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Burning QuestionsBurning Questions is The Takeout's Q&A feature that satiates your food and drink curiosities  

Are we really still questioning the merits of canned beer? In 2018? I guess we are, because I recently came across a comment on one of my Beer Of The Week columns informing me that the beer I was recommending must be total crap because it comes in a can, not a bottle. To that commenter: 2003 called and it wants its misinformed beer opinions back.

Despite much evidence to the contrary, some people continue to believe that bottles are in and of themselves a sign of beer quality. It’s a misconception left over from decades ago when premium and “imported beer” brands—remember when that was a phrase people used unironically?—tried to sell Americans on their superiority to pop-top cans. Bottled beers were priced higher than canned beer, and advertising departments worked to convince drinkers this is because bottles meant higher-quality beer. Can bad. Bottle fancy. Bottle better.

This hasn’t been true for decades—if it ever was. We’re long past the days when only domestic light lagers came in cans. (Dry-hopped Berliner weisse with sauvignon blanc grapes from a can, anyone?) Cans have a number of advantages over bottles, some of which have to do with keeping beer fresh. Let’s break them down for the naysayers:

Cans keep light out completely. 

Light exposure is the enemy of fresh beer, because when light hits beer, it causes oxidation and the dreaded “skunked” flavors. Brown bottles are better at keeping light out than green or clear bottles—the green bottles are part of the reason Heineken is notorious for its skunked aroma—but cans are better than all of them. Light can’t penetrate aluminum, giving them a big advantage in terms of freshness.

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Cans are well-sealed.

This aspect probably doesn’t matter much if you’re drinking beer within the first three or four months it’s packaged—the recommended shelf life for most beer—but can make a difference over a long period of time. A bottle with a cork still allows for micro amounts of oxygen to enter the bottle in a process called micro-oxidation; that’s why Belgian beers that still have residual yeast in the bottle will continue to ferment slightly and “age” in your cellar. In the case of bottle-conditioned Belgian beers, that’s a good thing, but if you want a 100 percent sealed vessel, a can is it. (The jury is still out on how much micro-oxidation occurs in a bottle with a regular beer cap. The regular beer cap is a single seal on a plastic-type material; beer cans are a double seal, theoretically giving twice the oxygen protection.)

Canning technology has improved in the last decade.

This is true, especially in regards to how much oxygen it leaves in the package. Total packaged oxygen (TPO) is a measure of how much oxygen is left in the liquid itself—dissolved oxygen—plus how much is left in the headspace of the can or bottle. The higher the dissolved oxygen and/or TPO, the faster that beer’s aromas and flavors will break down. When it comes to packaging, oxygen is the enemy. “The technology has gotten so good on the can-filling side,” says Matt Brynildson, brewmaster at Firestone Walker Brewing Company in Paso Robles, California. “I think it used to be that bottles always had lower dissolved oxygen rates than cans, but now our canning lines runs right on track with our bottling line, if not ahead of it, in terms of total packaged oxygen.”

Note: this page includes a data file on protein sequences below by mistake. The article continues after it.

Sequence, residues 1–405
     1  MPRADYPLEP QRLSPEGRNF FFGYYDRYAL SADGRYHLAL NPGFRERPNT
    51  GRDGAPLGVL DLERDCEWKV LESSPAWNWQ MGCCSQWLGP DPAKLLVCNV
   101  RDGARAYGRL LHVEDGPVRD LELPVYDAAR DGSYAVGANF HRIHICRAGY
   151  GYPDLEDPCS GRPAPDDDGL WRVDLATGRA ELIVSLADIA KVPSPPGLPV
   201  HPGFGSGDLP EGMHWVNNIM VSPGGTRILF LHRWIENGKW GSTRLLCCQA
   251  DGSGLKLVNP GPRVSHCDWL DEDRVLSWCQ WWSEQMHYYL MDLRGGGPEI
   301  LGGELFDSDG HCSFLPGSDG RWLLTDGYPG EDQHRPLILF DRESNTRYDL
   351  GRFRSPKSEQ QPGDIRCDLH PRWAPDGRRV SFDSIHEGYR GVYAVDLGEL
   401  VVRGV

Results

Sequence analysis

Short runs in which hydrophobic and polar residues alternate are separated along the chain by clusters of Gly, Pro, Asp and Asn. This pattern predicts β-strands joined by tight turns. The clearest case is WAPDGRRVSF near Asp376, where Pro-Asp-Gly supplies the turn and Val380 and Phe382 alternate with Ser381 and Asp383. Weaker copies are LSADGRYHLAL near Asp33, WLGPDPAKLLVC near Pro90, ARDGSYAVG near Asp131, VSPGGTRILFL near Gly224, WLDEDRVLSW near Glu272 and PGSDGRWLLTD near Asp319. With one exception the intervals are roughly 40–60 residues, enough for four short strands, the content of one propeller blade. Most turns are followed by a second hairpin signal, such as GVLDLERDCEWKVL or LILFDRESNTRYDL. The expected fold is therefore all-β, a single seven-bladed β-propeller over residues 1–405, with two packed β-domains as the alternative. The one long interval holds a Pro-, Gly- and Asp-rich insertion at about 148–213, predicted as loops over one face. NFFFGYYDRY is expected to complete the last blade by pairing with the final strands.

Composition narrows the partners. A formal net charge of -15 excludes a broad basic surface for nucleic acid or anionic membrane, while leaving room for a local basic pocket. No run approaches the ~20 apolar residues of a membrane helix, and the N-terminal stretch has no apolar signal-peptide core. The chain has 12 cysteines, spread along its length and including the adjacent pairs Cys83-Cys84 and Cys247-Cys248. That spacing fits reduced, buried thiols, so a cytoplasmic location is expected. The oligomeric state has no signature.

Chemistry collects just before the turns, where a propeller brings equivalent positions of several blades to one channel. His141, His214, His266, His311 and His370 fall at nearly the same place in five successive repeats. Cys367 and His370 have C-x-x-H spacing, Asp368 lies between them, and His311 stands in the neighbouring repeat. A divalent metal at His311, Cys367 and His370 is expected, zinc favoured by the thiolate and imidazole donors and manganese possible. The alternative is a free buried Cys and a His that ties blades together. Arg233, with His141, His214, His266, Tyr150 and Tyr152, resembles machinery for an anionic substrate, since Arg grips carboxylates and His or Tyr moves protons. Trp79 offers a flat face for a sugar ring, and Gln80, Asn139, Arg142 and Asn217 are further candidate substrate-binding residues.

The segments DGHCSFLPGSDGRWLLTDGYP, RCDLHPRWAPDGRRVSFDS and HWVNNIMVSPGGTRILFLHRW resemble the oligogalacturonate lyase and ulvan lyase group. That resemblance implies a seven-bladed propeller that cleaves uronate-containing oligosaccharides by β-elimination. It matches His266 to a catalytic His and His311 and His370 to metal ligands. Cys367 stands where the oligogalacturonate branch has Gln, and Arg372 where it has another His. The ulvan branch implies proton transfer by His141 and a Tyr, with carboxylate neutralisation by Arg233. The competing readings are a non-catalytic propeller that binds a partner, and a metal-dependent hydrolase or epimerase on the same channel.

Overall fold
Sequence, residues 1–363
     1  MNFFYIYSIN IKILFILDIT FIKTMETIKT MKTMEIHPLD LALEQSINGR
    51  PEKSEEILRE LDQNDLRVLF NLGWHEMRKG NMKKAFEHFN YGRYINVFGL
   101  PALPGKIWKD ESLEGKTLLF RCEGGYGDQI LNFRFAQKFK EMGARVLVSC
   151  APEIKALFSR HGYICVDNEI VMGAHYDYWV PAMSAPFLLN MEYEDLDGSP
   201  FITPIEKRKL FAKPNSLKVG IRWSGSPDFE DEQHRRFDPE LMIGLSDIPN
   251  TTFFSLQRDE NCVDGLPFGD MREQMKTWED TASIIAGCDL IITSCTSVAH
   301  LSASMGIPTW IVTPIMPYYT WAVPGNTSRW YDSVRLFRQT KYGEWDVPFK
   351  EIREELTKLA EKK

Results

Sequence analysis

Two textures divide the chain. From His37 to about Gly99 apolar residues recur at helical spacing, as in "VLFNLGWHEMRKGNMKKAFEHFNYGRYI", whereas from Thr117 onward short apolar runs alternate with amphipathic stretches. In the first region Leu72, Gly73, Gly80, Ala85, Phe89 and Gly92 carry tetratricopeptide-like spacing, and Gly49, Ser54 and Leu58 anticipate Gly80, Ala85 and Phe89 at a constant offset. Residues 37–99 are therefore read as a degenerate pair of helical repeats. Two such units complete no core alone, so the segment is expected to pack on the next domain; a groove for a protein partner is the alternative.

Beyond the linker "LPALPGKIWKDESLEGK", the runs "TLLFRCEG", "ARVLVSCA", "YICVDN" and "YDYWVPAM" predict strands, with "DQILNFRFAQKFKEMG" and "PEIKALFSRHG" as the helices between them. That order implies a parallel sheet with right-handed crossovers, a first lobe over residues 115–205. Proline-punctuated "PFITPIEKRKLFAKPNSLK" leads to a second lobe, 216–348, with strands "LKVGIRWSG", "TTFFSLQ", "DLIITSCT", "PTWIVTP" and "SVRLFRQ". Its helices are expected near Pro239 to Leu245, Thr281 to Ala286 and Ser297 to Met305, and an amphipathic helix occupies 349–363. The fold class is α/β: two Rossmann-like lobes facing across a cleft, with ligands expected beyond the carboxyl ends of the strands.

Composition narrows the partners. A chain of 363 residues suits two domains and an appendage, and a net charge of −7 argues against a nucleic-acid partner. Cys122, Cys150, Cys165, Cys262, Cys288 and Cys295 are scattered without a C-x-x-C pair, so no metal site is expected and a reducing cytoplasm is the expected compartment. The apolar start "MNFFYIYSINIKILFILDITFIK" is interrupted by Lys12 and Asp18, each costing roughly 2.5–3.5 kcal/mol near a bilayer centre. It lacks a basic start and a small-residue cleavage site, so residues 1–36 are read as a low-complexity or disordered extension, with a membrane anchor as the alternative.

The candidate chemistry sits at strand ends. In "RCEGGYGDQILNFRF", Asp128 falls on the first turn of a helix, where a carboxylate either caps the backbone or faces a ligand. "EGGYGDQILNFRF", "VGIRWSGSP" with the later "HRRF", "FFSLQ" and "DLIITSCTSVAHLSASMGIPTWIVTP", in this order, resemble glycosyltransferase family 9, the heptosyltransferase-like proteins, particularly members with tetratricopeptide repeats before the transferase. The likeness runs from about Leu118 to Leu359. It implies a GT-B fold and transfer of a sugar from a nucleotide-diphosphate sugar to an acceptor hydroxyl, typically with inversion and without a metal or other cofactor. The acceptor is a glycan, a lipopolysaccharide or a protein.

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Can manufacturers are ditching BPA.

Consumers don’t want BPA in their water bottles, and they probably don’t want it in beer cans, either. Previously, BPA was used in the interior coatings of most beer cans, but now companies have come up with BPA-NI (BPA-non-intent) can liners. Many craft beer makers have since switched over, especially those in California where products packaged with BPA must carry a warning.

That metallic taste in your beer isn’t coming from cans. 

Can critics swear aluminum packaging leaves a metallic taste in beer, but cans are lined (see above) and metallic tastes can be the result of problems during brewing—not packaging. If beer comes into contact with anything less than stainless steel, it can leach metallic flavors during the brewing process, which isn’t much of a problem these days, as most professional breweries use stainless steel. Water chemistry or improperly stored brewing grains could also produce off-flavors one could describe as metallic.

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Aside from cans’ technical merits, I tend to choose canned beer because they’re just more convenient. They’re lightweight; the six-packs stack easily in my fridge; I can take cans hiking or on the water where I wouldn’t want glass; and they’re easier to recycle through my local recycling program.

“It’s becoming the more expected package for beer,” Brian Strumke, founder of Baltimore- and Brooklyn-based Stillwater Artisanal Ales, tells me. (His is the brewery that cans the dry-hopped Berliner weisse with sauvignon blanc grapes I mentioned earlier.) “It’s the most environmentally responsible package, I think, at the moment. It’s lighter for shipping; it’s more compact for recycling.”

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So, even if you don’t trust my opinion on cans, you can’t argue that they’re not brewer-approved.

“I don’t take bottles home unless it’s a beer we only put in bottles,” Brynildson tells me. “If people can just get over that stigma that there’s a quality difference—it’s a perceived-value aspect our parents were taught based on pricing, probably—there’s no compelling reason to go for bottles over cans.”